Lupus

Systemic lupus erythematosus is the classic “autoimmune disease”. The cause is still unknown but genetic factors play a significant role. For reasons not yet understood, the immune system in lupus patients perceives some of the body as being foreign, attempting rejection.The immune system is stimulated, which reacts against many body parts including the lining of joints, heart and lungs. Skin is often involved, as well as parts of the central nervous system. Kidney involvement can be severe but fortunately strong medications are available to help prevent otherwise, serious deterioration.

Anyone can be affected with lupus, although it is typically more common in African American women of childbearing age. The presentation can be mysterious as lupus can involve so many different parts of the body. Patients may have unexplained fevers or rashes, and bruise easily due to low platelet counts (clotting factors). Patients can present with joint inflammation which may look like rheumatoid arthritis or chest pain, which can masquerade as a heart attack. As in so many diseases, having a high index of suspicion leads to getting the right blood tests to rule out or confirm a lupus diagnosis.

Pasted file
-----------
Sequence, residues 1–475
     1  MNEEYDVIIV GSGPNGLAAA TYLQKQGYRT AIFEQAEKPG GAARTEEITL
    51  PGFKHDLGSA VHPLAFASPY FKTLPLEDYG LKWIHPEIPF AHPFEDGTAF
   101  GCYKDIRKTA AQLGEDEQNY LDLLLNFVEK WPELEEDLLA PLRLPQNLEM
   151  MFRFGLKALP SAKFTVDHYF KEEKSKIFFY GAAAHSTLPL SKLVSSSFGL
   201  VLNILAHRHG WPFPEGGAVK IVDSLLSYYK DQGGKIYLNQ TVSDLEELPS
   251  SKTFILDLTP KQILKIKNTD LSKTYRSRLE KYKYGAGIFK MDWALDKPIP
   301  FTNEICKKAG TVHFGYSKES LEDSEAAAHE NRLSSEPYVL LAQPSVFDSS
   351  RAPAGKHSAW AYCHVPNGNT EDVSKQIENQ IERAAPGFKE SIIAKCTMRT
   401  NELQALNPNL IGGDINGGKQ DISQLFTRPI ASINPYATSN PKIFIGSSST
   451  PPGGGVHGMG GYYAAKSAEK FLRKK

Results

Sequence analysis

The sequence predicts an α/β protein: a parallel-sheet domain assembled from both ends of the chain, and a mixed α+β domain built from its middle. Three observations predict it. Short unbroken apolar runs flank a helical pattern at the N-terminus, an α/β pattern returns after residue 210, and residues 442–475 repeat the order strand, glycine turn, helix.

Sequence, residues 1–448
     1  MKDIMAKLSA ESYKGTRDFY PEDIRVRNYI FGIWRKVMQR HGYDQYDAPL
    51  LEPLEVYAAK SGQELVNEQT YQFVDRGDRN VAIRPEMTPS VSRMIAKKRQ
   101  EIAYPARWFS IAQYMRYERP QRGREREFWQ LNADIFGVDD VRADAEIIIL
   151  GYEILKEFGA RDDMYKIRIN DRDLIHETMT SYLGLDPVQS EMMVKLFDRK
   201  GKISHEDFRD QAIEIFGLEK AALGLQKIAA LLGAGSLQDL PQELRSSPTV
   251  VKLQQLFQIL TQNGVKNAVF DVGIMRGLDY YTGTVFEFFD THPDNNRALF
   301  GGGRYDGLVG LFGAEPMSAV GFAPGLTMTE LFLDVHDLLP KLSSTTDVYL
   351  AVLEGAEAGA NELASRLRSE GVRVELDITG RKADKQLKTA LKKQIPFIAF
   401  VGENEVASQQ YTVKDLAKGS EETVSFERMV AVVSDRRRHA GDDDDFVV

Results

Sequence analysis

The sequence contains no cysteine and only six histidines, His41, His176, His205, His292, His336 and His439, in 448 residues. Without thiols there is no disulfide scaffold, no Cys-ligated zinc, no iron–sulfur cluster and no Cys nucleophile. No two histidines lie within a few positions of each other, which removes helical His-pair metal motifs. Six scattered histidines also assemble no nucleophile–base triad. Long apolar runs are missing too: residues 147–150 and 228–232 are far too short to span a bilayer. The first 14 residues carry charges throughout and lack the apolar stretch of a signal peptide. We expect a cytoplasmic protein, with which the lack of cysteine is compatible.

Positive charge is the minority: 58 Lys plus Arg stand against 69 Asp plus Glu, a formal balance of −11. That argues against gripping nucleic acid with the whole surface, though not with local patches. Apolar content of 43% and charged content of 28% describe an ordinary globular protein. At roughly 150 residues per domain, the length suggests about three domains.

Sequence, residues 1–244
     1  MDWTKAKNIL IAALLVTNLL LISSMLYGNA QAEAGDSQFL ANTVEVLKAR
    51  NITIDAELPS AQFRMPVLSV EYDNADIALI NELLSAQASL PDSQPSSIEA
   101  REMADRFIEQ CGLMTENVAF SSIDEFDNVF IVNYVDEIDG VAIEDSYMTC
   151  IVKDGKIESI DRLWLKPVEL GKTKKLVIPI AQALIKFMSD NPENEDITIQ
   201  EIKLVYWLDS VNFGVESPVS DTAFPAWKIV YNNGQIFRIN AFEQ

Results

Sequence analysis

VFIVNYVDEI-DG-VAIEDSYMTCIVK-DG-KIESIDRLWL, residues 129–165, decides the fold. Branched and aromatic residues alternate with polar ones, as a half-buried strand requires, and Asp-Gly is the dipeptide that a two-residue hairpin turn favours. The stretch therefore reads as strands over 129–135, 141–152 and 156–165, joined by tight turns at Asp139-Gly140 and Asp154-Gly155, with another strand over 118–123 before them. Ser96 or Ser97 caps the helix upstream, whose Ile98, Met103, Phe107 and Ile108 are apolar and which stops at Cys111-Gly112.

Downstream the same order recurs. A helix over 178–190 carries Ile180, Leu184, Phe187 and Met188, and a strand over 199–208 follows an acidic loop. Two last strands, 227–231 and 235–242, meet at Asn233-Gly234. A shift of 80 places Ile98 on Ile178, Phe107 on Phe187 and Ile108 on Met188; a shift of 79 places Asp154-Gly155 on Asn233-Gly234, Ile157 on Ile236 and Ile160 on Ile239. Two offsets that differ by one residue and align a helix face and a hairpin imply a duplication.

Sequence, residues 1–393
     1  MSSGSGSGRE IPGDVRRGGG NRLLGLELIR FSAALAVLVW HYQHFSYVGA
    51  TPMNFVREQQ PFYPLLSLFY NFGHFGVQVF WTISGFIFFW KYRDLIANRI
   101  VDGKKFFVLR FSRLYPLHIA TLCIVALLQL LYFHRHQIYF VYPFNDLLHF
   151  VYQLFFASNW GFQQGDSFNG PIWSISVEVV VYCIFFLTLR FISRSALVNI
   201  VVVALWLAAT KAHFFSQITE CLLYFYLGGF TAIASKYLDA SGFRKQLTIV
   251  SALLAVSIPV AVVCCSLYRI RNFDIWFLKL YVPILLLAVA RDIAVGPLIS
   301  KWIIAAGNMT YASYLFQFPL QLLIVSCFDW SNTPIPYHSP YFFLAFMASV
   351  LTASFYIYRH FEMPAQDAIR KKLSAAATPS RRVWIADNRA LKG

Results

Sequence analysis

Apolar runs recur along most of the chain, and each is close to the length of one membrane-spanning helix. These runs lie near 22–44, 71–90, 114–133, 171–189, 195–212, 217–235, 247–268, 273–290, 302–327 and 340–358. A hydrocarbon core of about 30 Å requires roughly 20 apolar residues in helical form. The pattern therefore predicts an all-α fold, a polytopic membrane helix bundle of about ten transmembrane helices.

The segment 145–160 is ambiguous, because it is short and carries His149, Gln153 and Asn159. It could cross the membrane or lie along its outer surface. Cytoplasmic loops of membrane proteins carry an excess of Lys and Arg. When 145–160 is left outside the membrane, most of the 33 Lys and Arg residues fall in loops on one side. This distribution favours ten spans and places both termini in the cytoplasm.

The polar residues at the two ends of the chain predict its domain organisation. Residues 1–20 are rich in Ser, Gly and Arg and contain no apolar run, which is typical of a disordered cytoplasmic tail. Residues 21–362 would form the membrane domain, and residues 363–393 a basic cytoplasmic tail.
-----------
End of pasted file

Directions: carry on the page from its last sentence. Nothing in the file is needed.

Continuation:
Lupus often requires physicians from different specialties to be involved; nephrologists need to carefully follow the kidney involvement. Sometimes early intervention prevents lupus kidney disease from advancing. On the other hand, patients who have received kidney transplants are doing generally well.

Prednisone is one of the medications used to treat lupus.This drug is a double-edged sword as it can be lifesaving but at the same time, can cause significant side effects including weight gain, diabetes, and compression fractures. Another drug used more for  skin and joint involvement, is Plaquenil. For severe kidney involvement, drugs such as CellCept and Cytoxan, can be quite helpful. In the last few years, a new intravenous drug, Benlysta, was FDA-approved. This was the first new FDA-approved lupus drug in 50 years and appears to be more helpful in the non-kidney aspects of lupus. The intention is that all these drugs may allow medical practitioners to manage lupus with a lower level of prednisone.